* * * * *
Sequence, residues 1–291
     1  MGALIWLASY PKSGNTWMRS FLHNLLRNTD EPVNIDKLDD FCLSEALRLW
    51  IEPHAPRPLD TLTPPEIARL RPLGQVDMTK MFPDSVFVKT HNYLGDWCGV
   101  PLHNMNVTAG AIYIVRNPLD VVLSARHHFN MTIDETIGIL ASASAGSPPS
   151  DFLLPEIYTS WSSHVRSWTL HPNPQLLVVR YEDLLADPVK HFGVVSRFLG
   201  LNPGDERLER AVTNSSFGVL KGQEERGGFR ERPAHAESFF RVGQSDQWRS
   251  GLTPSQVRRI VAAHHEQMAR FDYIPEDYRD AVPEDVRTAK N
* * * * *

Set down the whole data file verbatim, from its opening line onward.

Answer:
Sequence, residues 1–291
     1  MGALIWLASY PKSGNTWMRS FLHNLLRNTD EPVNIDKLDD FCLSEALRLW
    51  IEPHAPRPLD TLTPPEIARL RPLGQVDMTK MFPDSVFVKT HNYLGDWCGV
   101  PLHNMNVTAG AIYIVRNPLD VVLSARHHFN MTIDETIGIL ASASAGSPPS
   151  DFLLPEIYTS WSSHVRSWTL HPNPQLLVVR YEDLLADPVK HFGVVSRFLG
   201  LNPGDERLER AVTNSSFGVL KGQEERGGFR ERPAHAESFF RVGQSDQWRS
   251  GLTPSQVRRI VAAHHEQMAR FDYIPEDYRD AVPEDVRTAK N